April 2022 View more

When Empire Restaurant Group purchased the building that was the longtime home of Jimmy’s Grill, Empire owner Will Cullen decided against calling for the bulldozers right away, even though the restaurant business is typically slowest at the start of the year.

Permits, drawings … all that architectural stuff takes a lot of time,” says Cullen. “We cleaned the place up, added some cosmetic changes, and were able to keep a lot of the kitchen staff. This is our first upscale effort, so this (Bev’s) gives everybody time to practice, see what works and what doesn’t.”

A little paint, all-new lighting, new furniture, and bar tops, and Jimmy’s Place was reborn as a cheerful spot with an open floor plan and (at least on the night I visited) a boomer playlist over the speakers. The name is a nod to Beverly Patterson Frier, the former owner of the building, which keeps the community ties intact. 

This gives the Empire group its fourth restaurant in downtown Naperville, joining Empire Burgers & Brews, Northcott Liquorette, and Hizeman’s Fine Athletic Establishment.

The chef is Nadia Tilkian, who owned Maijean, a French bistro in Clarendon Hills, and was chef at Waterleaf, the upscale dining room on the College of DuPage campus. Both were very good restaurants that deserved to last longer than they did. Tilkian’s menu includes nods to her French-cuisine background, but “contemporary fine dining” would describe the restaurant better.

Highlights among the appetizers are the short rib tots, a trio of deep-fried balls the size of a toddler’s fist, stuffed with mashed potatoes and braised short rib meat and placed on puddles of Parmesan cream. Pure pub food, but tasty. The charred octopus is a much more “cheffy” dish, plated artistically with chunks of carrot and purple potato, sauced with herb oil and a saffron rouille that could have come straight from a bowl of bouillabaisse. The pear carpaccio is similarly beautiful — a salad of razor-thin pear slices piled high with arugula, diced pancetta, hazelnuts, and Manchego cheese.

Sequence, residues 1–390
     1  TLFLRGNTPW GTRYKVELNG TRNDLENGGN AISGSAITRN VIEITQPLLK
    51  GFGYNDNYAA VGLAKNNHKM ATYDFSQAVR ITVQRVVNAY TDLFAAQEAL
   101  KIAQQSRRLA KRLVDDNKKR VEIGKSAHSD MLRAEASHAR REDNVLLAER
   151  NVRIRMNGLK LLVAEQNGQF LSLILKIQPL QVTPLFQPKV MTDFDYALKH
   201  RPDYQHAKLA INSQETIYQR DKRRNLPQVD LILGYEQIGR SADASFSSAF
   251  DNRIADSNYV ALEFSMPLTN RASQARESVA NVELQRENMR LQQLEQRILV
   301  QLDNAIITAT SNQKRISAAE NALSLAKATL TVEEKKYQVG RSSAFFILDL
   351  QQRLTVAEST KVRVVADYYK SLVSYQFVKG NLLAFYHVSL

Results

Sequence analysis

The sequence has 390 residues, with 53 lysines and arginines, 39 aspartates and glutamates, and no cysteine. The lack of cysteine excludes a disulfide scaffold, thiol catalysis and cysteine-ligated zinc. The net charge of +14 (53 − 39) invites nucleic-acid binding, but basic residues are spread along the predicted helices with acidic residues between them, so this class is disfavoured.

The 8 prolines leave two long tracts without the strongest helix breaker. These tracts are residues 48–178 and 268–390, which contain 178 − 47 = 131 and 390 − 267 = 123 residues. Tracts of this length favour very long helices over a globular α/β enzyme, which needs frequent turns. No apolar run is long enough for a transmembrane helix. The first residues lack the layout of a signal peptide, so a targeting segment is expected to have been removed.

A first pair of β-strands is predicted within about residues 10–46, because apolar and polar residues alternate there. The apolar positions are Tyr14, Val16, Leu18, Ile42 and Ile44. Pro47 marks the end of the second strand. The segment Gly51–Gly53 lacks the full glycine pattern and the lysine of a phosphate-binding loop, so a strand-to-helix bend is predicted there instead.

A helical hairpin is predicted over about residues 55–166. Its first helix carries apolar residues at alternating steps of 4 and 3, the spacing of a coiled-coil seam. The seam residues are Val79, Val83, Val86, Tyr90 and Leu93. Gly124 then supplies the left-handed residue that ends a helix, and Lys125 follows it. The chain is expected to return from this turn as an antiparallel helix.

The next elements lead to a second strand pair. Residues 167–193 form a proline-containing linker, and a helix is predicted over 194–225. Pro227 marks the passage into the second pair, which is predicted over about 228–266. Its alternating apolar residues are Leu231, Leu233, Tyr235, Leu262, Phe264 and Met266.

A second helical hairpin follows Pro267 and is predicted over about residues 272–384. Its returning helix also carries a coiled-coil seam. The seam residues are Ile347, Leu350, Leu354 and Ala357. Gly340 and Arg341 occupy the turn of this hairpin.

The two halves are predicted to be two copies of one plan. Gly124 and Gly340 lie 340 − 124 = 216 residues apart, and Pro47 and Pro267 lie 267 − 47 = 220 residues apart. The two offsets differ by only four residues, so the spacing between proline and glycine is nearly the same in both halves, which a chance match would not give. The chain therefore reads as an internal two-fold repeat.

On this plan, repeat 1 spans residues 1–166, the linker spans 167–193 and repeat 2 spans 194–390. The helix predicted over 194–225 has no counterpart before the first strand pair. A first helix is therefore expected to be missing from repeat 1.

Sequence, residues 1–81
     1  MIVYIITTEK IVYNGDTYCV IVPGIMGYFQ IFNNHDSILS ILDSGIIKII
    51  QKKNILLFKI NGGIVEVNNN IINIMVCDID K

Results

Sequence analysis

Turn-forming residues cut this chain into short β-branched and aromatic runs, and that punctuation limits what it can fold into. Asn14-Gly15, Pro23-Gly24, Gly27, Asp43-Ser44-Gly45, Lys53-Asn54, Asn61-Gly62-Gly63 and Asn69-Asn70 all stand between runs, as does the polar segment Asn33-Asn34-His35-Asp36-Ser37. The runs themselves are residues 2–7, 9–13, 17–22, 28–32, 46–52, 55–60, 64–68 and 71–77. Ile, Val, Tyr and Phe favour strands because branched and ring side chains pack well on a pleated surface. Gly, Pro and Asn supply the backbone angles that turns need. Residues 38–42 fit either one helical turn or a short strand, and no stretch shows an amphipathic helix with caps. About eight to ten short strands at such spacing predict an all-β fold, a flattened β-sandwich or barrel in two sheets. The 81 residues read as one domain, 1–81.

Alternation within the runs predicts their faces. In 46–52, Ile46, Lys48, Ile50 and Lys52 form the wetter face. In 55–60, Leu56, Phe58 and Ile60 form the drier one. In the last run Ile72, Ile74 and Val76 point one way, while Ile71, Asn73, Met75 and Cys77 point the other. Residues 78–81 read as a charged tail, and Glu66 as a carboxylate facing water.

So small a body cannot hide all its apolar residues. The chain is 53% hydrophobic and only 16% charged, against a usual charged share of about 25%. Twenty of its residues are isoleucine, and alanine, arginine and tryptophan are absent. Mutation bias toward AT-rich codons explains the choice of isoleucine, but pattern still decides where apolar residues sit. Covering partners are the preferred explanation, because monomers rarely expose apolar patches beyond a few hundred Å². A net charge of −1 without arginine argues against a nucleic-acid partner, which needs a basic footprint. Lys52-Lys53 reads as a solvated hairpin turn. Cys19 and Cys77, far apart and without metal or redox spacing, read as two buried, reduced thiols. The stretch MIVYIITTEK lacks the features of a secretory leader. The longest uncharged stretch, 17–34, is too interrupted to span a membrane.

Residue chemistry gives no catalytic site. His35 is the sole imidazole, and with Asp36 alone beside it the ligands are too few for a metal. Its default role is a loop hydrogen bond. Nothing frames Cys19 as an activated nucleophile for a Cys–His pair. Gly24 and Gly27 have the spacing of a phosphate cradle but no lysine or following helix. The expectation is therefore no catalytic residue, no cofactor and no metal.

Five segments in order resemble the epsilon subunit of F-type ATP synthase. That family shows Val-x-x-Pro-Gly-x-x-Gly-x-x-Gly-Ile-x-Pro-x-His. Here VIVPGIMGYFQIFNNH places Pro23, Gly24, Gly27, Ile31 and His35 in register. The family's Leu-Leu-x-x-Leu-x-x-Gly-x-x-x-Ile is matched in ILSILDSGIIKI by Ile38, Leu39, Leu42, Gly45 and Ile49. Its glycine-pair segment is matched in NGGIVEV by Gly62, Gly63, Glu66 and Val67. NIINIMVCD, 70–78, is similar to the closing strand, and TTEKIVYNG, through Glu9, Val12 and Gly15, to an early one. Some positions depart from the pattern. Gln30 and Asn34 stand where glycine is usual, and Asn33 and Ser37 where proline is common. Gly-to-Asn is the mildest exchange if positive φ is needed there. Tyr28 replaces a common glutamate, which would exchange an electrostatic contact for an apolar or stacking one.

Like any Empire group restaurant, Bev’s has an upscale burger, specifically the Bev’s Burger, made with dry-aged Slagel Family Farm beef and topped with andouille cheddar. More ambitious is the Steak BLT, which combines sliced flatiron steak, bacon, tomato ragout, goat cheese, and porcini aioli inside a sturdy French roll.

Tilkian takes an Asian approach to the Ora King salmon entrée, placing the seared salmon over black ramen (rice noodles made with black “forbidden” rice) along with edamame, bok choy, and miso-squash butter. The braised-chicken gnocchi—a Parisian-style gnocchi (made with flour, not potato) with wild mushrooms and herbed broth—reminds me of the braised-rabbit gnocchi that Tilkian used to feature at Waterleaf.

There are three desserts on the menu, including a bananas Foster crème brûlée and a chocolate parfait; my party split the lemon meringue tart, a yummy tart with a beautifully toasted meringue topping, alongside dots of raspberry coulis. 

For those who prefer liquid desserts, Bev’s has a nice cocktail menu, overseen by beverage director Alicia Stravanger. The Bev’s old-fashioned, which is anything but old-fashioned, contains vanilla syrup and Irish whiskey liqueur, which give the drink a distinctly sweet finish. The Passport to Peru, a riff on a pisco sour that includes blood-orange juice, is light and refreshing.

Bev’s eventually will become Cali’s Social Club, which will feature fire-roasted proteins and dry-aged steaks in an expanded building that will include an outdoor rooftop patio. It promises to be very impressive when it debuts; Tilkian and Cullen both talk excitedly about the special equipment that will be installed in the kitchen. But that’s months, maybe a year, away. For now, there is Bev’s. And Bev’s, even though it’s destined for a short life, is pretty impressive on its own. 

Photos courtesy BEV’S